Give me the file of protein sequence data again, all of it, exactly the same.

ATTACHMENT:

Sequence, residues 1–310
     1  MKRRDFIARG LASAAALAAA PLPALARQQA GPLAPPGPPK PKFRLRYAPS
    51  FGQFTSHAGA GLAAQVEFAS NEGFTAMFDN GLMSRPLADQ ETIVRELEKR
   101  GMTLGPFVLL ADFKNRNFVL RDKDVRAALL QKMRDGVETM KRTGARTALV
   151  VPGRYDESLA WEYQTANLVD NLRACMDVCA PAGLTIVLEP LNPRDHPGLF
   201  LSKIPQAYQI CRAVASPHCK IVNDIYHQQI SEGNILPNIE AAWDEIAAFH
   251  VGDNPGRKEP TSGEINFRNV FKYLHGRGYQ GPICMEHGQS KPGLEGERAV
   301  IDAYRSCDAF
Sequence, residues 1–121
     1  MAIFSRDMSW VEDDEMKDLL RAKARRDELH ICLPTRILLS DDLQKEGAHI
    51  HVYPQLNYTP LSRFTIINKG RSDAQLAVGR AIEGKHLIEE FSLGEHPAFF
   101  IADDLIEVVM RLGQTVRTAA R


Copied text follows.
Sequence, residues 1–310
     1  MKRRDFIARG LASAAALAAA PLPALARQQA GPLAPPGPPK PKFRLRYAPS
    51  FGQFTSHAGA GLAAQVEFAS NEGFTAMFDN GLMSRPLADQ ETIVRELEKR
   101  GMTLGPFVLL ADFKNRNFVL RDKDVRAALL QKMRDGVETM KRTGARTALV
   151  VPGRYDESLA WEYQTANLVD NLRACMDVCA PAGLTIVLEP LNPRDHPGLF
   201  LSKIPQAYQI CRAVASPHCK IVNDIYHQQI SEGNILPNIE AAWDEIAAFH
   251  VGDNPGRKEP TSGEINFRNV FKYLHGRGYQ GPICMEHGQS KPGLEGERAV
   301  IDAYRSCDAF
Sequence, residues 1–121
     1  MAIFSRDMSW VEDDEMKDLL RAKARRDELH ICLPTRILLS DDLQKEGAHI
    51  HVYPQLNYTP LSRFTIINKG RSDAQLAVGR AIEGKHLIEE FSLGEHPAFF
   101  IADDLIEVVM RLGQTVRTAA R